Solar industry rules favor large companies such as banks, telephone companies, retail chains, and agribusiness companies.
In the opinion of industry experts, the government has taken a populist stance in addressing the "not taxing the sun" speech. The debate was centered around eliminating a subsidy that raises the electricity bill of consumers in the country.
According to estimates by the Ministry of Economy, the subsidy will cost consumers R$ 34 billion (US$ 8 billion) by 2035. Still, on Tuesday (7), Bolsonaro met with Aneel (National Electric Energy Agency) and said the debate is over. The subsidy stays.
Aneel's proposal, supported by the Ministries of Mines and Energy and Economy, would create a timetable to end the exemption, adopted in 2012, for the use of the transmission network.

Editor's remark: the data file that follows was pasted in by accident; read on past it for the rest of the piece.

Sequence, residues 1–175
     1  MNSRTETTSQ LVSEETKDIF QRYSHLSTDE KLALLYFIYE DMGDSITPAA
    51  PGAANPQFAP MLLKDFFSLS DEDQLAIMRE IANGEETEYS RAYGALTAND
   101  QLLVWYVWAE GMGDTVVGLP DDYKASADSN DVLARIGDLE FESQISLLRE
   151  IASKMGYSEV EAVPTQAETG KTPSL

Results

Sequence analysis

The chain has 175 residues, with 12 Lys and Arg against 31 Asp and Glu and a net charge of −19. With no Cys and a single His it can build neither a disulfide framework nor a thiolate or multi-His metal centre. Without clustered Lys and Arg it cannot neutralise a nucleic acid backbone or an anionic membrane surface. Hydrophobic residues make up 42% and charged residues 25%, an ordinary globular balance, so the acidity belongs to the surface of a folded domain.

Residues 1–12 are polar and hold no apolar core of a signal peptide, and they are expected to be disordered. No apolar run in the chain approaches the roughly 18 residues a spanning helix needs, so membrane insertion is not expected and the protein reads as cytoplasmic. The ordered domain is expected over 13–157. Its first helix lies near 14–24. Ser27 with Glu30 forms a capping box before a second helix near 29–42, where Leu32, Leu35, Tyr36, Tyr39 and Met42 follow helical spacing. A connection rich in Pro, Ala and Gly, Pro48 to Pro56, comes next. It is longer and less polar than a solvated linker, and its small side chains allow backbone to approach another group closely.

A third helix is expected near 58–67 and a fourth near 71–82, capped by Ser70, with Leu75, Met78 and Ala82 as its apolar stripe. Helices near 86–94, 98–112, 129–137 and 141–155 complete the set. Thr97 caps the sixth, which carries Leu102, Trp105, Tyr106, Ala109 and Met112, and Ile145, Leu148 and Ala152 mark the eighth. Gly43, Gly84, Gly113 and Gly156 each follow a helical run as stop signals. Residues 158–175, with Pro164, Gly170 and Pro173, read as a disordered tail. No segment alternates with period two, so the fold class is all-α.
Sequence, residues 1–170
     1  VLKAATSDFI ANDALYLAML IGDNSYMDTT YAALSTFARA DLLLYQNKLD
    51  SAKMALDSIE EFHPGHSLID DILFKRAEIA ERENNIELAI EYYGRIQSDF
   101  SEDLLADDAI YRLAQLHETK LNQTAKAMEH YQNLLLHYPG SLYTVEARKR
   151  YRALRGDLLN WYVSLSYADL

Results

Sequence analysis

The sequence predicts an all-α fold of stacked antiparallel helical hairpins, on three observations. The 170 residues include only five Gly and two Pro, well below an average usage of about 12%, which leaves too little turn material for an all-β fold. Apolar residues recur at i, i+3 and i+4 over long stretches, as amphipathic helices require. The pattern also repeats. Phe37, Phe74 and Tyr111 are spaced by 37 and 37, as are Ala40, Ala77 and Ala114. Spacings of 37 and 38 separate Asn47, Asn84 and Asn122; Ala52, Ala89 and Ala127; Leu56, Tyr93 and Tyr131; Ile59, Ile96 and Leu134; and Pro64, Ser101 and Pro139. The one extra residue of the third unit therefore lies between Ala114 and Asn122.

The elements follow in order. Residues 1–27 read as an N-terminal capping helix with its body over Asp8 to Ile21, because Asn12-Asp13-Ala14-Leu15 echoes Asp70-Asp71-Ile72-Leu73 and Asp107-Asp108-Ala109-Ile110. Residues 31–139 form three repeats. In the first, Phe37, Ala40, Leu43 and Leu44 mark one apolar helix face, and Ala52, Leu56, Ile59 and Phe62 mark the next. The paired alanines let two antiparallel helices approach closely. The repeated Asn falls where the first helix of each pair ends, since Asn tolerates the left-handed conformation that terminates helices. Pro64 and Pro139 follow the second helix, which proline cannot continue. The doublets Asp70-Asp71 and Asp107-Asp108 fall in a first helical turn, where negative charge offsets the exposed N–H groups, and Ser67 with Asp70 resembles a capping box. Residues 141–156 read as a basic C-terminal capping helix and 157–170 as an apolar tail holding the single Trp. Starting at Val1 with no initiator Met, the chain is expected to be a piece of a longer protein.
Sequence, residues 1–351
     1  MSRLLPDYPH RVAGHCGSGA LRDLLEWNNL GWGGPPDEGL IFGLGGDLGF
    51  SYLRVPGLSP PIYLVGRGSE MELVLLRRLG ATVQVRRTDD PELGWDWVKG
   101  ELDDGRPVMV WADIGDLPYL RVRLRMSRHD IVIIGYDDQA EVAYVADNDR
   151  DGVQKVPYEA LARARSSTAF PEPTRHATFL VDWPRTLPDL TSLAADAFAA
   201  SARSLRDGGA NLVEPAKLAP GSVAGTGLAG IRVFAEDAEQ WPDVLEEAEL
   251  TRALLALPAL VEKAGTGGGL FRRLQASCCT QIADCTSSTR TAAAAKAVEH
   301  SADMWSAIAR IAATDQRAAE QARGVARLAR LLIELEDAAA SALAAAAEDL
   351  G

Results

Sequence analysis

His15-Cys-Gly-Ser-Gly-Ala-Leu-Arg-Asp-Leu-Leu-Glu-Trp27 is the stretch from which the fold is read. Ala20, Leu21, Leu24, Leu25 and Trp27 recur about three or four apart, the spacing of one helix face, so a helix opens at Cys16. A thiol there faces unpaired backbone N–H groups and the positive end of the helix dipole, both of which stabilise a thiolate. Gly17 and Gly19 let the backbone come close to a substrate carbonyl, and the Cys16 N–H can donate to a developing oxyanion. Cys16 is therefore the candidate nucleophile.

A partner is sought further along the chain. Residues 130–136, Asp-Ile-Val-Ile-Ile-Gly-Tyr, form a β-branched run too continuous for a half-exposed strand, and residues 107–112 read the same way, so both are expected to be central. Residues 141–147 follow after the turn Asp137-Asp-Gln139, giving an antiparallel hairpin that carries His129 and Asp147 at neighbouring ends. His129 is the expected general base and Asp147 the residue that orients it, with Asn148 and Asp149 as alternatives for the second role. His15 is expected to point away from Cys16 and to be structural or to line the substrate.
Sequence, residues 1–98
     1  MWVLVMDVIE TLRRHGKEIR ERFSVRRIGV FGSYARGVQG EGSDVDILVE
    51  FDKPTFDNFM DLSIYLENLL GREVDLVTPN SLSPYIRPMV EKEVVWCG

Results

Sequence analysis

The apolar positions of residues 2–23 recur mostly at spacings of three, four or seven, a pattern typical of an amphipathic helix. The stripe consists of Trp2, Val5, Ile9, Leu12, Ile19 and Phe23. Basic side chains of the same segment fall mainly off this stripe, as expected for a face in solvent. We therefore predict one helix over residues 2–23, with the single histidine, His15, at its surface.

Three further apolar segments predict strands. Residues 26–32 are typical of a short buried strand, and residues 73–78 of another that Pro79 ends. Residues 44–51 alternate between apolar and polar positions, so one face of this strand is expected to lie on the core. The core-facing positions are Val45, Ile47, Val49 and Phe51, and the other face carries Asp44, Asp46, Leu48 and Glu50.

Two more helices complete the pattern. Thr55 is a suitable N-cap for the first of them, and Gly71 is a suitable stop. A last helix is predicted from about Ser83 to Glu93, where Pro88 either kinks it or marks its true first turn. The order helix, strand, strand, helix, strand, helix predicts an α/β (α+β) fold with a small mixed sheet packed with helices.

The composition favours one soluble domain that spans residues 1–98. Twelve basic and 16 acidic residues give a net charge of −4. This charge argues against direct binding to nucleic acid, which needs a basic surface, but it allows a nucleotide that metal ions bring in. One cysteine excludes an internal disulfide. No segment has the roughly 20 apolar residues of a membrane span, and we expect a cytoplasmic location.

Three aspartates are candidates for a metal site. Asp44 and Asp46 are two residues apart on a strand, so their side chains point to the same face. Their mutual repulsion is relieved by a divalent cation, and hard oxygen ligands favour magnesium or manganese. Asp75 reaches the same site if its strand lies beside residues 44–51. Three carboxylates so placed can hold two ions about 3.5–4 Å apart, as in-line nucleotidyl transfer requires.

The measure sought to encourage the expansion of distributed solar power generation - also called GD.
"There is a terrible mistake in this discussion. Nobody wants to tax the sun. That was a smart move that the photovoltaic people created," said consultant Adriano Pires of CBIE (Brazilian Center for Infrastructure).
The current model exempts houses and companies that act as GD generators from the payment of charges and use of the distribution and transmission network.
Translated by Kiratiana Freelon